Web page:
February 20, 2012

I’m supposed to be prepping my second set of beta tonight.

Yes, that's EXACTLY how it's going.

Round one of the story was sent to Erika without even stopping to spell-check because I was so dizzy with tracking character development and falling face-first into a major new plot point of an old story.  Now that a little of the desperation has abated, my pride refuses to let me send it out without at least checking for word duplications and embarrassing homophones.

(I once got a note back–and it was a very small note–that has haunted me for years.  I remember so clearly; the line was “Another entry in Rogue Squadron’s role of the dead.”   She’d made a neat entry “roll, not role“, and I’m three-thousand percent sure she doesn’t even remember it, but I was just *mortified*.  Like, couldn’t bare it without baited breathe mortified.)*

Where has this graphic been all my life?

Anyway, I had a point, once upon a time.  Specifically, at the time a few minutes ago when I decided I should stop editing RIGHT NOW and go create a blog post (I will do almost anything to avoid serious editing), and I’m sure that if you’ll only give me a second it will come back to. . .

Oh, yeah.

There are two main reasons I dread editing.  The first has to do with re-reading my work ad infinitum, and the corresponding hatred I develop for my own voice.  Every word soon becomes a nails-on-a-chalkboard-level irritant.

The second actually kind of amuses me, in a sick, twisted, word-geek kind of way.

It's been a long weekend.

I love writing.  I love words.  And I love the way that writers, probably a little more than anyone else on the planet, can appreciate the very small shades of meaning even the tiniest words are able to infuse into a sentence.  Already tonight I’ve wavered between “a” and “the” several times.  They’re such miniscule building blocks, nearly invisible when you’re reading, but oh, the work they do.  I’m dealing with a character who has undergone extraordinary trauma (okay, maybe not so extraordinary for one of my characters . . . ), and he’s created a trick of psychology that keeps him mentally distant from pretty much everything he encounters.  As a result, I’m having to carefully monitor my own descriptions when I’m writing from his POV.  I had a reference to “his fingers”, and couldn’t figure out why it was skewing the whole para.  Made the switch to “the fingers” and the proper tone suddenly snapped into place and carried through.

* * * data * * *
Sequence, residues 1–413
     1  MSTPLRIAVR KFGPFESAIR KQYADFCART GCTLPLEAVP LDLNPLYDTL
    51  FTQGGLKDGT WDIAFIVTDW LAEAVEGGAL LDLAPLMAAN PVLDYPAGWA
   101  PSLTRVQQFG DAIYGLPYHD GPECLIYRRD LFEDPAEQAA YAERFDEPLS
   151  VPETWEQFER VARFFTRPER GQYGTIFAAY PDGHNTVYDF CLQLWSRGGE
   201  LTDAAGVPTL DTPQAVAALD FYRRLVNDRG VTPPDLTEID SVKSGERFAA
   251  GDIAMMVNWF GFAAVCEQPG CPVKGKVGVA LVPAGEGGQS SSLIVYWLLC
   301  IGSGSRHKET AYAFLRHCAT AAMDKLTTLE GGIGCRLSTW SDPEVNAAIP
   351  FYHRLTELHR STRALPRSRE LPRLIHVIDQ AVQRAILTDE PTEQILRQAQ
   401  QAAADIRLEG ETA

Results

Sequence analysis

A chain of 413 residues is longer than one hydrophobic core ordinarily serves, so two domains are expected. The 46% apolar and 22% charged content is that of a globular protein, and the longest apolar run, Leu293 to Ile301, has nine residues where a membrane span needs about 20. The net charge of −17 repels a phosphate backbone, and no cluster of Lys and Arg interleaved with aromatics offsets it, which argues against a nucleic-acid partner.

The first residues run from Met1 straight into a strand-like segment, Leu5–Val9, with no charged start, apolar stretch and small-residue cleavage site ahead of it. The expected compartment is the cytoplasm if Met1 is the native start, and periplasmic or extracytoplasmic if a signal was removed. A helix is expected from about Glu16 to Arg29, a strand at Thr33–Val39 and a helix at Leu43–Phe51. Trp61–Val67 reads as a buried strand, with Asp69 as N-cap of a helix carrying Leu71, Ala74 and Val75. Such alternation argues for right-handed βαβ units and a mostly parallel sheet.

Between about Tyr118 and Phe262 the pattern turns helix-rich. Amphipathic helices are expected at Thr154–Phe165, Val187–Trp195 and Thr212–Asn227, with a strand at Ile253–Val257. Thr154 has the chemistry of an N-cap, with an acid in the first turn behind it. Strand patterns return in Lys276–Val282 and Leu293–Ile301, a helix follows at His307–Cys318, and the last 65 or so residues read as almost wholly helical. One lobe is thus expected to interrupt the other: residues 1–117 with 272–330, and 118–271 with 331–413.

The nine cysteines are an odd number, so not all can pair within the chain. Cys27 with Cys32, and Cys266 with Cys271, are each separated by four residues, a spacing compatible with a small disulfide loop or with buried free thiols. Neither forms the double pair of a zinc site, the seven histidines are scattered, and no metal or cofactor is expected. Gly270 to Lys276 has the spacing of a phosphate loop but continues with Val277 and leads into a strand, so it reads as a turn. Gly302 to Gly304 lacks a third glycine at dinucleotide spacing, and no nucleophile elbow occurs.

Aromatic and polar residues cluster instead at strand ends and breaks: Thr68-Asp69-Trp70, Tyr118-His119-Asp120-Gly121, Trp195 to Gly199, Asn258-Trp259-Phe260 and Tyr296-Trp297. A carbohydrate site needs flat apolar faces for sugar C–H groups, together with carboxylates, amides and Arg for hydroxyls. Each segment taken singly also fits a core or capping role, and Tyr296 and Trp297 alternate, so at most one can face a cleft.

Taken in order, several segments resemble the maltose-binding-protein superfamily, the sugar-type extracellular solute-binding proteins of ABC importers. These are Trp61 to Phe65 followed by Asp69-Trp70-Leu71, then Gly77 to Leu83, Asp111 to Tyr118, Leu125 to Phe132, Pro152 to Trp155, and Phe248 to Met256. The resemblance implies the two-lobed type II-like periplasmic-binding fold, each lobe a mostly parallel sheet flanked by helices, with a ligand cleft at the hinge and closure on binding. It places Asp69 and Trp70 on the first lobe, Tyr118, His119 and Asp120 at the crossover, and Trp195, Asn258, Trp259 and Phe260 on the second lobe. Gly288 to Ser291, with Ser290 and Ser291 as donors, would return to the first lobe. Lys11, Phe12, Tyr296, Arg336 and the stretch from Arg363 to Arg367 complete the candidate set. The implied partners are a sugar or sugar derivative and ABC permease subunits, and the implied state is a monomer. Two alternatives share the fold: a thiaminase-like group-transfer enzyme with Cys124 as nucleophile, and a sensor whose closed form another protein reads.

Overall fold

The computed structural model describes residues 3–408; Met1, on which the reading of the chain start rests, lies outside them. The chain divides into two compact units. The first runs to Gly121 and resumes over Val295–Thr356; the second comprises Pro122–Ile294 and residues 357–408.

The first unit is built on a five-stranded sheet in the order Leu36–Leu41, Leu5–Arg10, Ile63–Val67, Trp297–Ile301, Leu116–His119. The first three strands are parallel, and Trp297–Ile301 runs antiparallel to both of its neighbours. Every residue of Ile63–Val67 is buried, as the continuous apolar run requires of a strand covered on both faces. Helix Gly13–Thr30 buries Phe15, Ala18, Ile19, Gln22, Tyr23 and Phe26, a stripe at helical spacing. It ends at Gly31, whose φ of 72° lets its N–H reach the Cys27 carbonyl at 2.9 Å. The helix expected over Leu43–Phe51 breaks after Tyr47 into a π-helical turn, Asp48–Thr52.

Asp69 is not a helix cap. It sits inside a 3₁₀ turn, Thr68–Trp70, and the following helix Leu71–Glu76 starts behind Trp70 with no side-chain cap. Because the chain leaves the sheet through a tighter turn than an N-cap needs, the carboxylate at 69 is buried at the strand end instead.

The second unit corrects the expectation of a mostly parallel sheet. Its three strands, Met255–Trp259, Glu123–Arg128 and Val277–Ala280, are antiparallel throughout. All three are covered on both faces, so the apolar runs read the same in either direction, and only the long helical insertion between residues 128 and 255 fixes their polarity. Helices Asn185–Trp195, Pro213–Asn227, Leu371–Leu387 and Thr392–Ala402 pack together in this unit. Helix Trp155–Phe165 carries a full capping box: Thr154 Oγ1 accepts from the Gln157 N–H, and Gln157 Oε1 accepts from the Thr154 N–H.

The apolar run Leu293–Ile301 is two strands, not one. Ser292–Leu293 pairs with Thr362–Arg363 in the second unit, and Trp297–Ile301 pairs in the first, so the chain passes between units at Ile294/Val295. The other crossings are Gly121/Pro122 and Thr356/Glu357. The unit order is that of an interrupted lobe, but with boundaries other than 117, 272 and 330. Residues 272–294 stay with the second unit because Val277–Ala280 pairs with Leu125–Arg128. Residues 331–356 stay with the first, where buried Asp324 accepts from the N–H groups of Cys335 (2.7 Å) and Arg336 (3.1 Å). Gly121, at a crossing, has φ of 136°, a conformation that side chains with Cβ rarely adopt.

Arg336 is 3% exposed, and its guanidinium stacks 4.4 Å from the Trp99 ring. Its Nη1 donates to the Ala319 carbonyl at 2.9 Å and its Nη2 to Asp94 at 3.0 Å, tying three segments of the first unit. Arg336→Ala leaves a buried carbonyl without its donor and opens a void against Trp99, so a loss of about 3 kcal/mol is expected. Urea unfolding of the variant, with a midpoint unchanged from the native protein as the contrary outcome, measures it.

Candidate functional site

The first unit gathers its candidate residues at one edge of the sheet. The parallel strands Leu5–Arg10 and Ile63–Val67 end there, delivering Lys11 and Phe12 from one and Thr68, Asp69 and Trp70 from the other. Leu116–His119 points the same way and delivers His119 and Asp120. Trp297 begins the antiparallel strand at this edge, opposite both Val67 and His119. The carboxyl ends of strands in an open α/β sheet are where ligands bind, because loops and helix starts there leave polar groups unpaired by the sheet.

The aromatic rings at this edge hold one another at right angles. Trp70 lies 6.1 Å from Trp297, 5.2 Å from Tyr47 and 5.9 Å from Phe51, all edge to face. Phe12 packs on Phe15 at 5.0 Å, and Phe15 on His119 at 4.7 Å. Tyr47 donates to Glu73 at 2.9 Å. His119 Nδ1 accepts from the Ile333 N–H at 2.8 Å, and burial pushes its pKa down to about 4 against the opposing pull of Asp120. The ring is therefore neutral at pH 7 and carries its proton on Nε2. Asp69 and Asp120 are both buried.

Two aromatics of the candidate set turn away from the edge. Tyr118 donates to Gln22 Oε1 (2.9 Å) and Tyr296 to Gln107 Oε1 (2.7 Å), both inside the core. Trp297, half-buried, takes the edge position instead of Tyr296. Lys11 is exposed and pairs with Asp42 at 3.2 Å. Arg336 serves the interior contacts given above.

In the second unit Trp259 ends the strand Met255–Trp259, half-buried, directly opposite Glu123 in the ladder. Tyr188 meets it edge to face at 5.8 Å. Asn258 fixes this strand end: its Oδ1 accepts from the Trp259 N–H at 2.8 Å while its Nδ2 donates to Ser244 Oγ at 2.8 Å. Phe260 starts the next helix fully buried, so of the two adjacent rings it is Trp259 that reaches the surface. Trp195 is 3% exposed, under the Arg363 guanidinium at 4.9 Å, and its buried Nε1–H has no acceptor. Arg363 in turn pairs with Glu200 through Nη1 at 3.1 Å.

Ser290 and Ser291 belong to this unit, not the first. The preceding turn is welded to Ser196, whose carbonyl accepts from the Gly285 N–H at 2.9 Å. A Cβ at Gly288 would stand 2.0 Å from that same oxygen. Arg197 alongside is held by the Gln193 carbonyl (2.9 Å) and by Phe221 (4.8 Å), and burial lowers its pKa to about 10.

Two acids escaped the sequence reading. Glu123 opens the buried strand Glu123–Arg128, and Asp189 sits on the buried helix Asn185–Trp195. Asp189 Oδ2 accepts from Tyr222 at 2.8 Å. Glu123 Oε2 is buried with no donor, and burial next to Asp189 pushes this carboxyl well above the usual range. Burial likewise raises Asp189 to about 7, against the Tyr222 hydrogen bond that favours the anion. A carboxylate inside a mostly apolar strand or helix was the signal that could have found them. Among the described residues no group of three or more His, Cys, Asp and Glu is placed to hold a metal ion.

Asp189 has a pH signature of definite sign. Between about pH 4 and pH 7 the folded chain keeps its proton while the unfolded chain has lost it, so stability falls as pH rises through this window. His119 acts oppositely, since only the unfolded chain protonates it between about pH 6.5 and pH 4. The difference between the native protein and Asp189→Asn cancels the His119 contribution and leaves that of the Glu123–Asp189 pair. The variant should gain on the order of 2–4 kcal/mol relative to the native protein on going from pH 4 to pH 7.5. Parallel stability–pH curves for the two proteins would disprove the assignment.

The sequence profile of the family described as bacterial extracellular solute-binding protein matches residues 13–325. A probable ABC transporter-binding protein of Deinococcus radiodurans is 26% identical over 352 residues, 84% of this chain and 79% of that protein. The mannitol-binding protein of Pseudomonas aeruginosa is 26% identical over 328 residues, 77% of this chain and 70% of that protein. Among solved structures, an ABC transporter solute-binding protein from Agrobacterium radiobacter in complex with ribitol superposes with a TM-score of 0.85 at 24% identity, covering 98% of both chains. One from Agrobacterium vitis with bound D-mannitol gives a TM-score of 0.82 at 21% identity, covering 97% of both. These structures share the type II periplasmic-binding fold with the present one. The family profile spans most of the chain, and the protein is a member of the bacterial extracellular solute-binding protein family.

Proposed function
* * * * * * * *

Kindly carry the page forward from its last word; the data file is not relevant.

This is a good thing!  This is a great thing!  I love this thing!  But, of course I end up micro-focusing to the point of paralysis, and then I do unrelated blog posts because HEY, BLOGS ARE WORDS, TOO!, so it doesn’t mean I’m slacking off or doing something like checking my email.

Speaking of . . .

Okay, back.  Nothing new.

Also, need to take a moment to give major kudos to Will Heltsley.  I found this chart when I was double-checking “homonym” vs “homophone”, because to be completely honest I didn’t pay attention to most of this stuff when it was being taught in Language Arts.  Actually, I hated Language Arts in a real and visceral way.  It fell into the category of “stuff I kind of knew how to do intuitively without wanting to learn all the stupid words and labels, and also YOU SMELL FUNNY, you mean old nasty teacher who doesn’t think I’m funny.”

Ahem.  Sorry.  Childhood trauma, bitterness, cruel and twisted educational system, etc.

I mean–great chart, Will!  I have since learned a proper appreciation of the rules (even some of the stupid ones), and a good Venn diagram is guaranteed to make me weak (geek?) at the knees.

Just please don’t ask me to diagram a sentence.  I never learned it properly, I don’t like doing it, and somehow the poor sentence always ends up with a fake moustache and some unkindly-worded dangling clauses that were totally not my fault at all.

Holy cow! This is freakin' amazing!

*Hey, some people have nightmares about showing up for school in their underwear.  I have nightmares about absent-minded word substitution.**

**Also, showing up for school in my underwear.



  1. Hi, Ali; I enjoyed this post. Just wanted to let you know.


    • Thank you! I wish I could say it was cleverly plotted and painstakingly thought out, but (like most of my posts) I’m afraid it was mostly whatever clackety train of cogitation I was aboard at the time.

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